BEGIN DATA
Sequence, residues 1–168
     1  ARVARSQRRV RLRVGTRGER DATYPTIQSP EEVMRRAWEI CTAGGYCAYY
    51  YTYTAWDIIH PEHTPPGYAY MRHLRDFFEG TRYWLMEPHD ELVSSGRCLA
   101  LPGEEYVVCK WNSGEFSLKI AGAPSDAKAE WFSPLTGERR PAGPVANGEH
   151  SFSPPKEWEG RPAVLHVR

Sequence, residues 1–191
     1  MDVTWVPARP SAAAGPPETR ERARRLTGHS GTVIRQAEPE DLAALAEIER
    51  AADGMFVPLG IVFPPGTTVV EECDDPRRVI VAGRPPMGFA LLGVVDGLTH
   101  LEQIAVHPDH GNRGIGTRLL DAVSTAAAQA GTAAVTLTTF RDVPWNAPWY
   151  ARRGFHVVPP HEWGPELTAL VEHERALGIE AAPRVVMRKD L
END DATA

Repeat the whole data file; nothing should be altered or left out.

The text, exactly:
Sequence, residues 1–168
     1  ARVARSQRRV RLRVGTRGER DATYPTIQSP EEVMRRAWEI CTAGGYCAYY
    51  YTYTAWDIIH PEHTPPGYAY MRHLRDFFEG TRYWLMEPHD ELVSSGRCLA
   101  LPGEEYVVCK WNSGEFSLKI AGAPSDAKAE WFSPLTGERR PAGPVANGEH
   151  SFSPPKEWEG RPAVLHVR

Sequence, residues 1–191
     1  MDVTWVPARP SAAAGPPETR ERARRLTGHS GTVIRQAEPE DLAALAEIER
    51  AADGMFVPLG IVFPPGTTVV EECDDPRRVI VAGRPPMGFA LLGVVDGLTH
   101  LEQIAVHPDH GNRGIGTRLL DAVSTAAAQA GTAAVTLTTF RDVPWNAPWY
   151  ARRGFHVVPP HEWGPELTAL VEHERALGIE AAPRVVMRKD L